When chronic inflammation occurs anywhere in the body, such as in the gums and supporting bone of patients with moderate and severe periodontal disease, certain blood vessels can narrow and form clots that prevent critical blood flow. When this happens, the problem can be particularly dangerous in the small blood vessels of the heart and in the brain.

Impaired blood flow to the heart muscles can lead to heart disease and ultimately a heart attack, in which part of the heart muscle dies from lack of oxygen. Although it’s not entirely clear whether periodontal disease causes heart problems, the two conditions have been linked – which is significant because so many adults have some degree of periodontal disease.

If you’ve been diagnosed with periodontal disease, follow your dentist’s recommendations for treatment and be sure to follow up with your dentist at the recommended intervals.

Periodontal Disease and Stroke

Can untreated Periodontal Disease be connect to having a stroke?


Blood vessels form a vast network of channels that carry nutrients from food to muscles and other body tissues. They are also the transporters of oxygen, healing and immune cells, and other life-sustaining substances.

Certain blood vessels can narrow and clot when there is chronic inflammation anywhere in the body, such as the gums and tooth-supporting bone in patients with moderate and severe periodontal disease. When this happens, the problem can be particularly dangerous in the small vessels of the heart and brain.

A stroke is a condition in which the blood flow to an area of the brain is interrupted, resulting in the death of brain cells in the affected area. Depending on the area of the brain affected, the severity of stroke complications can range from loss of muscle control and sensation, to problems with vision and speech, to death.

Although the exact mechanism by which periodontal disease impairs brain blood flow is not fully understood, the problem is significant because so many adults have some periodontal disease.

If you’ve been diagnosed with periodontal disease, follow your dentist’s recommendations for treatment and be sure to follow up with your dentist at the recommended intervals.

Periodontal Disease and Diabetes

How does diabetes contribute to the development of periodontal disease and what can be done to prevent it?


The pancreas is an organ located in the abdomen. It plays an important role in digesting food and regulating blood sugar levels.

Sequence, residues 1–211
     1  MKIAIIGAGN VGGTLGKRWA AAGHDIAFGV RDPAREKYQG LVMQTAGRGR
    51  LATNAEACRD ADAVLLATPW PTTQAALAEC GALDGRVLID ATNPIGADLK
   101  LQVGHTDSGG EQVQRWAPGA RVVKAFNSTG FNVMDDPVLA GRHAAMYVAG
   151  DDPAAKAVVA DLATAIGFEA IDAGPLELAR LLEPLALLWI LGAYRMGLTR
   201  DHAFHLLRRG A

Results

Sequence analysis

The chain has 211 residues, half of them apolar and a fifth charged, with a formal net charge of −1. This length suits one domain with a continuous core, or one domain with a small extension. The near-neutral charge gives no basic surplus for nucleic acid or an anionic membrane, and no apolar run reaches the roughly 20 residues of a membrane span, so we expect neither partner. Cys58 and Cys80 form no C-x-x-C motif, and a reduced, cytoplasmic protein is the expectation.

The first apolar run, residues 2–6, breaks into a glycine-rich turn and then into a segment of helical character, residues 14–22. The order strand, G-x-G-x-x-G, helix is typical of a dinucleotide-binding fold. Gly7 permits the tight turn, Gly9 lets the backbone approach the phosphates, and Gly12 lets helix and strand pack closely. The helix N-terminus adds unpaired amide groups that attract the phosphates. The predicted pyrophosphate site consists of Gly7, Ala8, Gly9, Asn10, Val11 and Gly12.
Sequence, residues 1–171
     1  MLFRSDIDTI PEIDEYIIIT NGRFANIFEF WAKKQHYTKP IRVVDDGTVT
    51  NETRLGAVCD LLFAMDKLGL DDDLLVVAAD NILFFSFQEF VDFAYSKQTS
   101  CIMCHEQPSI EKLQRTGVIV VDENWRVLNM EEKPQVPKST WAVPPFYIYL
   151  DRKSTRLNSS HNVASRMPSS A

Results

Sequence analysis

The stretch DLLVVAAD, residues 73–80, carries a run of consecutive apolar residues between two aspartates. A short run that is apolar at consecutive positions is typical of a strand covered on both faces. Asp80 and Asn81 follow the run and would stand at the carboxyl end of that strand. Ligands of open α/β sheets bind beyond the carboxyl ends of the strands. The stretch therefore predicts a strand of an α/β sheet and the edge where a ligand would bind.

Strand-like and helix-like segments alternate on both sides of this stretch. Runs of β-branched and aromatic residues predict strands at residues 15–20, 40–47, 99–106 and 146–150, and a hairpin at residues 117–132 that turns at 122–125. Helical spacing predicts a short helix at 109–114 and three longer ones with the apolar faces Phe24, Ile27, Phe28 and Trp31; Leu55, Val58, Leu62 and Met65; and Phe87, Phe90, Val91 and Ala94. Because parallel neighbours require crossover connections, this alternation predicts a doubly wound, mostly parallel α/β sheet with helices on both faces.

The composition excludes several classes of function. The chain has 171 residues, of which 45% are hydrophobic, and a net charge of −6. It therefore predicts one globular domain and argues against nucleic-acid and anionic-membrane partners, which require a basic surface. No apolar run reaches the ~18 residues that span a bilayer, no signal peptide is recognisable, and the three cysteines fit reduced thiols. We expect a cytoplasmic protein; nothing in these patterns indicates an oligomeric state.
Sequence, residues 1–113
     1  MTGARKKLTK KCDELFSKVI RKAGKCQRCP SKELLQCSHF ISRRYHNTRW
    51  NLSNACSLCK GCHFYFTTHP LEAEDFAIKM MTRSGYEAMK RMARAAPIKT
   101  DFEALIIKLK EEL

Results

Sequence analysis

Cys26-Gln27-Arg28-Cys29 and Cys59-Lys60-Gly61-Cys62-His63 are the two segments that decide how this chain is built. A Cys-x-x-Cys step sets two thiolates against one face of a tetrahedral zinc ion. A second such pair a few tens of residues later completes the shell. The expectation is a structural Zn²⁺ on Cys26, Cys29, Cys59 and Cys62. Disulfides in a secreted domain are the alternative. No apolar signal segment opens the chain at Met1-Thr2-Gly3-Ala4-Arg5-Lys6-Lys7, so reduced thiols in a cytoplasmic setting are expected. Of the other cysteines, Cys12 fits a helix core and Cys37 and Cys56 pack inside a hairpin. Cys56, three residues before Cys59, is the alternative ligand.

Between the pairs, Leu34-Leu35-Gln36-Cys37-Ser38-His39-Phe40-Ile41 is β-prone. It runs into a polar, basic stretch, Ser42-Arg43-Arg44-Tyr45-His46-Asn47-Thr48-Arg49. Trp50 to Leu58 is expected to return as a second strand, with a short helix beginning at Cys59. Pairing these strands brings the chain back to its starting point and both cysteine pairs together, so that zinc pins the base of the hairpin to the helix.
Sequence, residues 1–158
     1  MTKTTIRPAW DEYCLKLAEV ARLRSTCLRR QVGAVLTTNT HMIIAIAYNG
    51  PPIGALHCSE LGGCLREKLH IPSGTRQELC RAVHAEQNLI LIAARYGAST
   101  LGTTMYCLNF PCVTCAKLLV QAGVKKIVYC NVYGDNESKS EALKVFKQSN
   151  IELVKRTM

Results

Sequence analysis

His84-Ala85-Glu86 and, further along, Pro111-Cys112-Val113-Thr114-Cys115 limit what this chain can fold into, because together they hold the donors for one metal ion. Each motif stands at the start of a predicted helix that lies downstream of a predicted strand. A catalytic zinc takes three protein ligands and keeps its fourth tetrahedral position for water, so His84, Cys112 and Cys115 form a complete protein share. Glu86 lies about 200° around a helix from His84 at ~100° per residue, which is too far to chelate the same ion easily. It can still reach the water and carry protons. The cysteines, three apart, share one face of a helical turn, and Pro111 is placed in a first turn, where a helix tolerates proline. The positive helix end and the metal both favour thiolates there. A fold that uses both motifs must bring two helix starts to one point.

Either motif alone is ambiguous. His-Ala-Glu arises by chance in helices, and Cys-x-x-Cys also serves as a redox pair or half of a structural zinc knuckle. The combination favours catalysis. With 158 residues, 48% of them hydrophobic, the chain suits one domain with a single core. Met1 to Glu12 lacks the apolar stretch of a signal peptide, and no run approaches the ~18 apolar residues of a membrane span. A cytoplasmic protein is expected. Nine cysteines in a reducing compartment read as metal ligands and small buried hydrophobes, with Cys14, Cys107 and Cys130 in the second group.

In healthy people, the pancreas produces insulin, a hormone that captures sugar from the bloodstream and transports it to the body’s tissues, where it can be used for energy or stored.

In people with type 1 diabetes, the pancreas does not produce enough insulin, so blood sugar levels are higher.

In people with type 2 diabetes, the pancreas produces enough insulin, but the tissues of the body become resistant to the insulin.

The result in both cases is that the blood is thicker or more viscous and may have difficulty flowing through the small blood vessels – such as those found in the heart, brain, eyes, and other organs. Decreased blood flow may rob downstream tissues of nutrients, oxygen, healing and immune cells. The results can be crippling and even fatal.

Diabetics are more likely to develop periodontal disease because the gums and the bone supporting the teeth, which make up the periodontal tissues of the mouth, are supplied by small blood vessels, and the blood flowing through them is more viscous in a diabetic. Gum tissue is constantly exposed to bacteria, viruses, and other germs in the mouth that can cause inflammation.

The ability of a person with diabetes to fight off these foreign invaders is less than ideal. That’s why it’s important to keep your mouth clean by brushing at least twice a day, flossing daily, and following the specific advice your dentist has given you to manage your unique oral health needs.

If you have diabetes, it’s especially important to maintain excellent oral hygiene and see your dentist for preventive and maintenance appointments on the schedule he or she recommends.

Periodontal disease is now considered an independent cause of type 2 diabetes, which is significant because so many adults have some degree of periodontal disease.

Chronic inflammatory conditions, including periodontal disease, cause blood vessels to narrow, reducing blood flow and increasing the likelihood of clot formation.

If you’ve been diagnosed with periodontal disease, follow your dentist’s recommendations for treatment. And be sure to get your teeth cleaned at the recommended intervals.

Remember that type 2 diabetes sometimes has no symptoms at all. Testing involves one of several simple blood tests: Fasting Blood Glucose, which measures blood glucose levels after you haven’t eaten for at least eight hours; Oral Glucose Tolerance Test, which measures how quickly glucose is absorbed from the blood after a dose of sugar is given; and the emerging standard: Hemoglobin A1C test, which evaluates blood glucose levels over a period of about 120 days.